rcu-torture: Reader Pipe: 1466408 9747 0 0 0 0 0 0 0 0 0
rcu-torture: Reader Batch: 1464477 11678 0 0 0 0 0 0 0 0
rcu-torture: Free-Block Circulation: 1915 1915 1915 1915 1915 1915 1915 1915 1915 1915 0
rcu-torture: --- End of test
The command "dmesg | grep torture:" will extract this information on
most systems. On more esoteric configurations, it may be necessary to
use other commands to access the output of the printk()s used by
the RCU torture test. The printk()s use KERN_ALERT, so they should
be evident. ;-)
The entries are as follows:
o "rtc": The hexadecimal address of the structure currently visible
to readers.
o "ver": The number of times since boot that the rcutw writer task
has changed the structure visible to readers.
o "tfle": If non-zero, indicates that the "torture freelist"
containing structure to be placed into the "rtc" area is empty.
This condition is important, since it can fool you into thinking
that RCU is working when it is not. :-/
o "rta": Number of structures allocated from the torture freelist.
o "rtaf": Number of allocations from the torture freelist that have
failed due to the list being empty.
o "rtf": Number of frees into the torture freelist.
o "Reader Pipe": Histogram of "ages" of structures seen by readers.
If any entries past the first two are non-zero, RCU is broken.
And rcutorture prints the error flag string "!!!" to make sure
you notice. The age of a newly allocated structure is zero,
it becomes one when removed from reader visibility, and is
incremented once per grace period subsequently -- and is freed
after passing through (RCU_TORTURE_PIPE_LEN-2) grace periods.
The output displayed above was taken from a correctly working
RCU. If you want to see what it looks like when broken, break
it yourself. ;-)
o "Reader Batch": Another histogram of "ages" of structures seen
by readers, but in terms of counter flips (or batches) rather
than in terms of grace periods. The legal number of non-zero
entries is again two. The reason for this separate view is that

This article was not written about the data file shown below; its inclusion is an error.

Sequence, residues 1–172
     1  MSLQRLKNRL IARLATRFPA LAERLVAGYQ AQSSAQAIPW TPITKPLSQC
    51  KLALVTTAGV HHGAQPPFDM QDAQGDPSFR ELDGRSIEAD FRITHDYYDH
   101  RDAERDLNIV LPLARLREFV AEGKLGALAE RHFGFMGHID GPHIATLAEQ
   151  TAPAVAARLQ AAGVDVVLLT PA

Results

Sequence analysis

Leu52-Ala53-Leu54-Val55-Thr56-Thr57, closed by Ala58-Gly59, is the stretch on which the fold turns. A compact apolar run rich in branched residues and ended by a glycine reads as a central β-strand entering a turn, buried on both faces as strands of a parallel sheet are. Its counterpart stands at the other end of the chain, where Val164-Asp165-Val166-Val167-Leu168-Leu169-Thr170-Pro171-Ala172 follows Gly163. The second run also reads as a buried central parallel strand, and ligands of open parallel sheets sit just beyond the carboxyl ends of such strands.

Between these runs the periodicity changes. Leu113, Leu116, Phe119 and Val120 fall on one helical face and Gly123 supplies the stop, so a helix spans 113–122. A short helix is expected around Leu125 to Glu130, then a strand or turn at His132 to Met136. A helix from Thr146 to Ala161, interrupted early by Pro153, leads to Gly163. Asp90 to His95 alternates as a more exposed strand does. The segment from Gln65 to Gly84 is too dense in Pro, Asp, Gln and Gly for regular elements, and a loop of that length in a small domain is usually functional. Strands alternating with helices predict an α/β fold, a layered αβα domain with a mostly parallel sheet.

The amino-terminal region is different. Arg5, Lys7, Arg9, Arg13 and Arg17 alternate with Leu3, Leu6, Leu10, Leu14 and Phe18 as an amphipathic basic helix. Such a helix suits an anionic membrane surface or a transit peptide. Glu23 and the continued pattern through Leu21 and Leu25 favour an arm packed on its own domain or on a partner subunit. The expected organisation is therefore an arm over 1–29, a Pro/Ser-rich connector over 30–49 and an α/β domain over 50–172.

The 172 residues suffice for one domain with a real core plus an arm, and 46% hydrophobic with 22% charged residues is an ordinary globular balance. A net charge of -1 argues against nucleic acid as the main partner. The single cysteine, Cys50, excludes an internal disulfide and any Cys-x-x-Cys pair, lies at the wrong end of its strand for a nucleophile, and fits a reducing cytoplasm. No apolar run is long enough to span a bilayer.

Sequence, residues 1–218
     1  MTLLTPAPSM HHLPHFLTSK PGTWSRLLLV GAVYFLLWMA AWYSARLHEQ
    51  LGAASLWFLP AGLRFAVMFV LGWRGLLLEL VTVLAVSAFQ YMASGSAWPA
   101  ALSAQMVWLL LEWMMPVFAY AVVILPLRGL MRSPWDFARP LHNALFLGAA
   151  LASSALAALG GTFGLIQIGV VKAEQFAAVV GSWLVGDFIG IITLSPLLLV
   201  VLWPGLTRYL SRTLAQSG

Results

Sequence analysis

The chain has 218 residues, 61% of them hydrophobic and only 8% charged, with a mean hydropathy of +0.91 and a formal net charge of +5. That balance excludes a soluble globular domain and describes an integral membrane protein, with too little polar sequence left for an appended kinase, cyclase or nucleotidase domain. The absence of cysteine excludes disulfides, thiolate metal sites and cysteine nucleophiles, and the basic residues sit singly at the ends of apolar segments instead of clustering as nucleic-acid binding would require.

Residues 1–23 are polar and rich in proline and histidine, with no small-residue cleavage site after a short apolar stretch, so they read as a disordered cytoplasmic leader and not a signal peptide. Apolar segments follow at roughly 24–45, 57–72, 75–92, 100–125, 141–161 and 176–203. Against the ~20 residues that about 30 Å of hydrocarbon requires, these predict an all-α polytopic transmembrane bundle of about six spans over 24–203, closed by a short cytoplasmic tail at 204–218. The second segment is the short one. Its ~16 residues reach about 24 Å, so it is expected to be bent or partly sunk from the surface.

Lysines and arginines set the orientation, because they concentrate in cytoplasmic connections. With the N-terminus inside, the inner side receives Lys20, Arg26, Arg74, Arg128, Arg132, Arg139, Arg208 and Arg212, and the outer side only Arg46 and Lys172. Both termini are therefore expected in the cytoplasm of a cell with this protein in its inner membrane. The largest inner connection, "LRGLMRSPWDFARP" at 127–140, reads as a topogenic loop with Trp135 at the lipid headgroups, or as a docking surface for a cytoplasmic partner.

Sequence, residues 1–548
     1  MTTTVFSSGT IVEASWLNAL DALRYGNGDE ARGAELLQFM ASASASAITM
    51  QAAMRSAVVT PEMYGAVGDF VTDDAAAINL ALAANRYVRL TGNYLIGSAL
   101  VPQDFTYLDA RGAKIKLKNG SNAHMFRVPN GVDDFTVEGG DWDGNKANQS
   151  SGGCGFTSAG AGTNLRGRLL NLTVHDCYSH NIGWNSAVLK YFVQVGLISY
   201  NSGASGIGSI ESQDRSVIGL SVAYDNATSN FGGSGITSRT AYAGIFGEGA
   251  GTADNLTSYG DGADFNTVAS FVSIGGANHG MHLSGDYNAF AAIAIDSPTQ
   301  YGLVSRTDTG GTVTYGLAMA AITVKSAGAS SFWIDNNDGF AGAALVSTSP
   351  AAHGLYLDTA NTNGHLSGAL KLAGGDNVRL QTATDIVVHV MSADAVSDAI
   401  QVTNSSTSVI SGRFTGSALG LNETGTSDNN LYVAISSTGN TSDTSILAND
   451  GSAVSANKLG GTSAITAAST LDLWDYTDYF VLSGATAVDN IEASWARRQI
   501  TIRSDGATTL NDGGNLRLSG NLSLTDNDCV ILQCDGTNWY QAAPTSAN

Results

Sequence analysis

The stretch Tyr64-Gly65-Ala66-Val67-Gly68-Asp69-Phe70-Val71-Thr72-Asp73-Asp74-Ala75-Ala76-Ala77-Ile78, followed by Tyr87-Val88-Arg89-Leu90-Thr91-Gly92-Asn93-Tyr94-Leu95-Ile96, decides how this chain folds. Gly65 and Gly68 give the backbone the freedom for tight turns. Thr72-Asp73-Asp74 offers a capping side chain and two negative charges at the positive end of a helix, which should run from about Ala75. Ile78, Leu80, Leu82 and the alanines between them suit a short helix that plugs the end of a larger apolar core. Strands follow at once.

it is sometimes easier to get the third entry to show up in the
"Reader Batch" list than in the "Reader Pipe" list.
o "Free-Block Circulation": Shows the number of torture structures
that have reached a given point in the pipeline. The first element
should closely correspond to the number of structures allocated,
the second to the number that have been removed from reader view,
and all but the last remaining to the corresponding number of
passes through a grace period. The last entry should be zero,
as it is only incremented if a torture structure's counter
somehow gets incremented farther than it should.
Different implementations of RCU can provide implementation-specific
additional information. For example, SRCU provides the following:
srcu-torture: rtc: f8cf46a8 ver: 355 tfle: 0 rta: 356 rtaf: 0 rtf: 346 rtmbe: 0
srcu-torture: Reader Pipe: 559738 939 0 0 0 0 0 0 0 0 0
srcu-torture: Reader Batch: 560434 243 0 0 0 0 0 0 0 0
srcu-torture: Free-Block Circulation: 355 354 353 352 351 350 349 348 347 346 0
srcu-torture: per-CPU(idx=1): 0(0,1) 1(0,1) 2(0,0) 3(0,1)
The first four lines are similar to those for RCU. The last line shows
the per-CPU counter state. The numbers in parentheses are the values
of the "old" and "current" counters for the corresponding CPU. The
"idx" value maps the "old" and "current" values to the underlying array,
and is useful for debugging.
Similarly, sched_expedited RCU provides the following:
sched_expedited-torture: rtc: d0000000016c1880 ver: 1090796 tfle: 0 rta: 1090796 rtaf: 0 rtf: 1090787 rtmbe: 0 nt: 27713319
sched_expedited-torture: Reader Pipe: 12660320201 95875 0 0 0 0 0 0 0 0 0
sched_expedited-torture: Reader Batch: 12660424885 0 0 0 0 0 0 0 0 0 0
sched_expedited-torture: Free-Block Circulation: 1090795 1090795 1090794 1090793 1090792 1090791 1090790 1090789 1090788 1090787 0
The following script may be used to torture RCU:
modprobe rcutorture
sleep 100
rmmod rcutorture
dmesg | grep torture:
The output can be manually inspected for the error flag of "!!!".
One could of course create a more elaborate script that automatically
checked for such errors. The "rmmod" command forces a "SUCCESS" or
"FAILURE" indication to be printk()ed.